To deal with illegal deposit taking activities and to make such actions an offence ex-ante, the Union Cabinet on Wednesday approved amendments to the Banning of Unregulated Deposit Schemes Bill, 2018. These changes are based on the recommendations of the Standing Committee on Finance (SCF), which submitted its report on the bill on January 3. The bill was introduced in Parliament last July.
The Bill provides for severe punishment and pecuniary fines to act as deterrent for such illicit activities. It also has adequate provisions for disgorgement or repayment of deposits in cases where such schemes nonetheless manage to raise deposits illegally, the government said. “As per information provided by RBI, during the period between July 2014 and May 2018, 978 cases of unauthorised schemes were discussed in State Level Coordination Committee (SLCC) meetings in various States/UTs and were given to the respective regulators/law enforcement agencies in the states. A large number of such instances have been reported from the eastern part of the country,” the government said. The idea of a legislation to ban such deposit taking activities was announced in the Budget 2016-17.
The Bill completely bans deposit takers from promoting, advertising or accepting deposits in any unregulated scheme. “The principle is that the Bill would ban unregulated deposit taking activities altogether, by making them an offence ex-ante rather than the existing legislative-cum-regulatory framework which only comes into effect ex-post with considerable time lags,” it said.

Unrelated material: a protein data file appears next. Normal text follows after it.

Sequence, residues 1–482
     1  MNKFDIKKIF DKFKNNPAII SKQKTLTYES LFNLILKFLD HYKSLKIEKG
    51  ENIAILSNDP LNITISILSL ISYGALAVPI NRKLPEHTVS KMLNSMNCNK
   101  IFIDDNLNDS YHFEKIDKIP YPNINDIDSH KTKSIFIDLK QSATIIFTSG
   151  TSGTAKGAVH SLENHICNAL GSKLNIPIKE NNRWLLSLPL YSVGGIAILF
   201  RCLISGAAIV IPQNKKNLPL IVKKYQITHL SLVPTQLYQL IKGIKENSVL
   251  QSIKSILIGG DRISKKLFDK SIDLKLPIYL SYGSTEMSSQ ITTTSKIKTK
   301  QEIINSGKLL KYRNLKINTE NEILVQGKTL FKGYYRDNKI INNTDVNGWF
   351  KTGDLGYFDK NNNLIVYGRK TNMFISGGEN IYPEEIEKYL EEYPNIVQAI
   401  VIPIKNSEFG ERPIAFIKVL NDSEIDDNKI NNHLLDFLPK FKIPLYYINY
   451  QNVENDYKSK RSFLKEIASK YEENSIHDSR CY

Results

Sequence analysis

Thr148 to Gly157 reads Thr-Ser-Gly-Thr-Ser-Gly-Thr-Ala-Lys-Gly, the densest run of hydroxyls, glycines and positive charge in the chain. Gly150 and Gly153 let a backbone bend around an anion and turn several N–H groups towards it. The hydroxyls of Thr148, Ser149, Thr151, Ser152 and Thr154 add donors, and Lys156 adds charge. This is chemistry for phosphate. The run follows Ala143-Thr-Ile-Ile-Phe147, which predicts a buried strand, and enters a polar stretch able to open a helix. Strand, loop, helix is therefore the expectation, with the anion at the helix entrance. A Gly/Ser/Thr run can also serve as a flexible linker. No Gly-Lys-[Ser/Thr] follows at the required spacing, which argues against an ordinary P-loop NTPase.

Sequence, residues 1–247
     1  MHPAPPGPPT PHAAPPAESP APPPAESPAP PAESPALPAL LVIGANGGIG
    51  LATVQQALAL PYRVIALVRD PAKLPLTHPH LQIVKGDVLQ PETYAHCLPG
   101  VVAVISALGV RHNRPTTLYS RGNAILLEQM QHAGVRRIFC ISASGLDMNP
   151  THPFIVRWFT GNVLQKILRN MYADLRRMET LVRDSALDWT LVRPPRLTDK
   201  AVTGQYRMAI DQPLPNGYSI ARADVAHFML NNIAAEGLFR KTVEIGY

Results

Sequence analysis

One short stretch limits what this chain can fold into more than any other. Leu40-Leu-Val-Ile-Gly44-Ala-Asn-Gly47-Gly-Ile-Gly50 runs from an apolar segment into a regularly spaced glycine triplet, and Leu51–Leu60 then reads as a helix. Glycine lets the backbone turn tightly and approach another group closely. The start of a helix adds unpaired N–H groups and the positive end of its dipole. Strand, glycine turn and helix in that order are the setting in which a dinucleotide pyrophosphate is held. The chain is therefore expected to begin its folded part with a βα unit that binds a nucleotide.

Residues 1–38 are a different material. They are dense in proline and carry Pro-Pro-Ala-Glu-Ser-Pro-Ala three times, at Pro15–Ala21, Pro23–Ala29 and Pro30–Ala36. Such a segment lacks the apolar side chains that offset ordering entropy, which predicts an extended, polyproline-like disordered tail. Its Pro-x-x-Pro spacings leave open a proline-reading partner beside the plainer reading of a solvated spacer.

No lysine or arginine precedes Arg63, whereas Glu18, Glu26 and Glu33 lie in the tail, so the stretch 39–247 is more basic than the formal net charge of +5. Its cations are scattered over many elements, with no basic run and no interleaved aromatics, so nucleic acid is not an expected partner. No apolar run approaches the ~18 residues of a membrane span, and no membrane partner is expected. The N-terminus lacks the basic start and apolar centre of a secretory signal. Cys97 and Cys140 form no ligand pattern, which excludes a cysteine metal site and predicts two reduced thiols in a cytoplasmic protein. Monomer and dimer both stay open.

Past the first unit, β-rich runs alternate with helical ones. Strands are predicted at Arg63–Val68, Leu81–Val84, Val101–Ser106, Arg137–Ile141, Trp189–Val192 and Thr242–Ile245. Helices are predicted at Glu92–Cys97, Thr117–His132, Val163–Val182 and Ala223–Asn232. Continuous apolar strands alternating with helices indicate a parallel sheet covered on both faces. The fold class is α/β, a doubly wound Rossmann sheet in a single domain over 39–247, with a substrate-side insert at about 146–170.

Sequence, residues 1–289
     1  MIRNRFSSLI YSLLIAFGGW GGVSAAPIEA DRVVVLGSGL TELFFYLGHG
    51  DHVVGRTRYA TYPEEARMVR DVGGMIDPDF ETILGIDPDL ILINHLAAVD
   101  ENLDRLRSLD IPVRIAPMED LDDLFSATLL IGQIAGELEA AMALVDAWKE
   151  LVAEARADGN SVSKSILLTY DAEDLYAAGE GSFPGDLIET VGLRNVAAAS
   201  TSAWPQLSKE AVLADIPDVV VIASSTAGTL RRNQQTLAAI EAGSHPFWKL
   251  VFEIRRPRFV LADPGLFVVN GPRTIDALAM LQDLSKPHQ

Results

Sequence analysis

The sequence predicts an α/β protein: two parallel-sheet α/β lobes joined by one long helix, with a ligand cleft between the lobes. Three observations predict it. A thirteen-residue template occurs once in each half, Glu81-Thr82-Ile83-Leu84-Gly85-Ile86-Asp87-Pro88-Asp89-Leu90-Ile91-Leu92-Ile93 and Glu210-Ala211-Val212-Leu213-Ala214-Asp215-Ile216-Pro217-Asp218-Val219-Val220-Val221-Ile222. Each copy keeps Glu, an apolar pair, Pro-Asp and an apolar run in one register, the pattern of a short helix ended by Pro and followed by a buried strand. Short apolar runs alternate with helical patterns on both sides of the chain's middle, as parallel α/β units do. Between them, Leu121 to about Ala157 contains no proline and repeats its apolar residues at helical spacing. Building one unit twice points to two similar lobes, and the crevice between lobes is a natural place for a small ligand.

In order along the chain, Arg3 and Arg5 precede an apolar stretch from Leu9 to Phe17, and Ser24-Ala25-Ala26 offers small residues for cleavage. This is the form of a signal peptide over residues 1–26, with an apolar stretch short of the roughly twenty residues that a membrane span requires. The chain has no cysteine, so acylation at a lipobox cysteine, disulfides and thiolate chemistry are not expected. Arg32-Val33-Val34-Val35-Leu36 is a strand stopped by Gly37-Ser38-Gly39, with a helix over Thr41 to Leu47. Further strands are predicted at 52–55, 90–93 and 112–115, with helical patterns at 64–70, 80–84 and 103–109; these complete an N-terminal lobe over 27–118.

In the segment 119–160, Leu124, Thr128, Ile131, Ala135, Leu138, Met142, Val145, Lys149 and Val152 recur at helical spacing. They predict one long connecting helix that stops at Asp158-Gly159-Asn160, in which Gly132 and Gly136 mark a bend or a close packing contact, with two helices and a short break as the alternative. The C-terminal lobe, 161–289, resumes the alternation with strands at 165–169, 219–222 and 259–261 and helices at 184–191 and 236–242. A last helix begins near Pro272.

Three types of offences have been captured in the proposed law — running of Unregulated Deposit Schemes, fraudulent default in Regulated Deposit Schemes, and wrongful inducement in relation to Unregulated Deposit Schemes. The Bill also provides for attachment of properties and assets of the deposit taker and subsequent realisation of assets for repayment to depositors. It will enable creation of an online central database, for collection and sharing of information on deposit-taking activities in India.
“The official amendments will further strengthen the Bill in its objective to effectively tackle the menace of illicit deposit taking activities in the country, and prevent such schemes from duping poor and gullible people of their hard earned savings,” the Centre said.
Union Minister for Law and Justice Ravi Shankar Prasad, in an official briefing, said that the “essence of the bill” was that every “deposit scheme has to properly registered” and if it is not, “then it is an offence”, including “any promotion” of such a scheme and involving brand ambassadors, which he said will also be a “serious offence”.
Prasad said that in the four years between 2015 and as of November 30, 2018, The CBI has registered 166 cases in chit funds and multi growth scams, most of which have been in West Bengal and Odisha. In the Saradha scam case, which led to friction between CBI and the West Bengal police earlier this week, Prasad said that the SIT had been set up in 2013 and the Supreme Court had ordered that CBI investigate the matter on May 9, 2014, before the Narendra Modi-led government took oath.